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Corticosterone differences rather than social housing predict performance of T-maze alternation in male CD-1 mice

Published online by Cambridge University Press:  01 January 2023

AE Fitchett
Department of Psychology, Durham University, Science Site, South Road, Durham DH1 3LE, UK School of Biology, University of Nottingham, University Park, Nottingham NG7 2RD, UK
CJ Barnard
School of Biology, University of Nottingham, University Park, Nottingham NG7 2RD, UK
HJ Cassaday*
School of Psychology, University of Nottingham, University Park, Nottingham NG7 2RD, UK
* Contact for correspondence and requests for reprints:


This study examined the effects of social housing manipulations on bodyweight, corticosterone levels, and performance of T-maze alternation in male CD-1 mice. Males that adopted a dominant social rank were heavier than those that adopted a subordinate social rank. Dominant males also had lower corticosterone concentrations than the subordinates. However, there was little to suggest that these physiological indicators of social rank were moderated by housing condition. Indeed, statistical analysis confirmed that the difference in bodyweights was evident before males were socially housed. The mice showed high levels of spatial alternation on the T-maze from the start of testing so performance accuracy was high. Neither social rank nor housing condition had any clear categorical effect on T-maze performance. However, performance did fluctuate over successive blocks of testing and there was a negative association between accuracy on the T-maze and corticosterone levels (consistent with performance impairment because of elevated corticosterone). Therefore, under present conditions, individual differences in corticosterone were a better predictor of T-maze performance than social rank or housing condition. The results of the present study lend further support to the proposition that corticosterone levels measured non-invasively in urine may be used to predict diverse welfare outcomes for laboratory mice, from bodyweight to cognitive performance. Moreover, intrinsic physiological parameters rather than external influences, such as social housing, may have more influence on mouse behaviour.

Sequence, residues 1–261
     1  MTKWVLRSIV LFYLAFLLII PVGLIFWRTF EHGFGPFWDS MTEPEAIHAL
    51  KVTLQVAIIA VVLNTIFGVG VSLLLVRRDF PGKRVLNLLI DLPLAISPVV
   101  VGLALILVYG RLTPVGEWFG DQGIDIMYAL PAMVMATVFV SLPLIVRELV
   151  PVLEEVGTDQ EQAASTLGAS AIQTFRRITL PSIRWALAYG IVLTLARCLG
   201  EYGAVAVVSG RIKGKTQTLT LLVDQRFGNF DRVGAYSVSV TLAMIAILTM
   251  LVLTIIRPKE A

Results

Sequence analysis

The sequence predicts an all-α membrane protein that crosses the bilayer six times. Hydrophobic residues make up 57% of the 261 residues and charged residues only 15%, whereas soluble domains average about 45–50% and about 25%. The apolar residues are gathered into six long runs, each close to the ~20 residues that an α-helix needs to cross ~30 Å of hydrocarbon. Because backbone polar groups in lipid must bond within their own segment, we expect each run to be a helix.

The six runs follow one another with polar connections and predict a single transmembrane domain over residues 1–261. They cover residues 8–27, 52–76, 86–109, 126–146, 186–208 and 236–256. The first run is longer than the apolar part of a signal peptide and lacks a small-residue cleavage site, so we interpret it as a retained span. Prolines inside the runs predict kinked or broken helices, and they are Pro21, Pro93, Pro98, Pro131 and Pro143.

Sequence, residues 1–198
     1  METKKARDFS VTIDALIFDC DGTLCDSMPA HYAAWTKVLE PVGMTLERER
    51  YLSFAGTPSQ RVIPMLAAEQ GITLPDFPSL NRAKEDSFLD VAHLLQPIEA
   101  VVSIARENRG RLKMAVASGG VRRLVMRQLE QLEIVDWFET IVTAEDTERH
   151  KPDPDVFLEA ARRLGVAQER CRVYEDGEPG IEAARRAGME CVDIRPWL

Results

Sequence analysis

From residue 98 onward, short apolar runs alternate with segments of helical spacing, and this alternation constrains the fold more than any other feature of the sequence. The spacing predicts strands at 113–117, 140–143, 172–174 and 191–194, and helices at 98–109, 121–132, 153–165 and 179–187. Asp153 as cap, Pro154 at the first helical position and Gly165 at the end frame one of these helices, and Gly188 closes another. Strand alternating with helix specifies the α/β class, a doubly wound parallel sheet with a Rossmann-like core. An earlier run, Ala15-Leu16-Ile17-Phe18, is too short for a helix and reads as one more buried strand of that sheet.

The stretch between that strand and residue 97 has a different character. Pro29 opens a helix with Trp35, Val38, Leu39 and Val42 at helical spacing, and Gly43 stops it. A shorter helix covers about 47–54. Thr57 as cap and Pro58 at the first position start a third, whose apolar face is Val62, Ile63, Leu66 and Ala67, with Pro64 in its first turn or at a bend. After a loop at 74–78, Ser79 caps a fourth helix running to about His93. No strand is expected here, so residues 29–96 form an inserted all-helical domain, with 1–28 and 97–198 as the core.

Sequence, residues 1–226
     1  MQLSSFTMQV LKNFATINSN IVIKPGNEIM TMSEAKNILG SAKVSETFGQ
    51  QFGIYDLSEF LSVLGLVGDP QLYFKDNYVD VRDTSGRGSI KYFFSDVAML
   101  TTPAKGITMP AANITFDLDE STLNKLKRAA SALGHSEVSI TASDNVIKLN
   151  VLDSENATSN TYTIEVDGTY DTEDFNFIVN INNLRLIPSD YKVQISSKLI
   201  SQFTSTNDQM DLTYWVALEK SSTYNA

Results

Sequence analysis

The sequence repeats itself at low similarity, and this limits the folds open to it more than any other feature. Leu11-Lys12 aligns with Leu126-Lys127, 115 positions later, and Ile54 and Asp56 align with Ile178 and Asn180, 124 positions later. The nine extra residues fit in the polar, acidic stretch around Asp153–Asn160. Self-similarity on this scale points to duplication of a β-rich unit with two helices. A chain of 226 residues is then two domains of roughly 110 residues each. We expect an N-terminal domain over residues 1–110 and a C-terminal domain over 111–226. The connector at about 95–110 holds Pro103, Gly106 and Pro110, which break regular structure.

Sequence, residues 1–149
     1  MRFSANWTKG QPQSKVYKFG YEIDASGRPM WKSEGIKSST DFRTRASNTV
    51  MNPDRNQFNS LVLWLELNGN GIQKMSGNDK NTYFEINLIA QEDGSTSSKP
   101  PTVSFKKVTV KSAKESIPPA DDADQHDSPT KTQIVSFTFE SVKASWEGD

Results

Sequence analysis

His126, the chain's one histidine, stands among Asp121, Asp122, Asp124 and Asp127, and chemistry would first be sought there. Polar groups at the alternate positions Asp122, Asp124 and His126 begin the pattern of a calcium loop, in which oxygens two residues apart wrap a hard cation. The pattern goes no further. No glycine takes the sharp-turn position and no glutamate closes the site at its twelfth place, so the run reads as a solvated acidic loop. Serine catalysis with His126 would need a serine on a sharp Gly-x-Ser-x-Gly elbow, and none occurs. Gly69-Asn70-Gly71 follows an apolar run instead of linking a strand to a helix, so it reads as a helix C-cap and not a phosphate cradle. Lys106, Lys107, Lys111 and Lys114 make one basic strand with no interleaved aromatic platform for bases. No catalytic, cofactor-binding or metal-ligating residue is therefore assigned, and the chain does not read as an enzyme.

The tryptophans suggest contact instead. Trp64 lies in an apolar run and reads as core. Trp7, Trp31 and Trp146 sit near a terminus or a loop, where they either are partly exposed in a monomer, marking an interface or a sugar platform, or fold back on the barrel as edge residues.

Research Article
© 2009 Universities Federation for Animal Welfare

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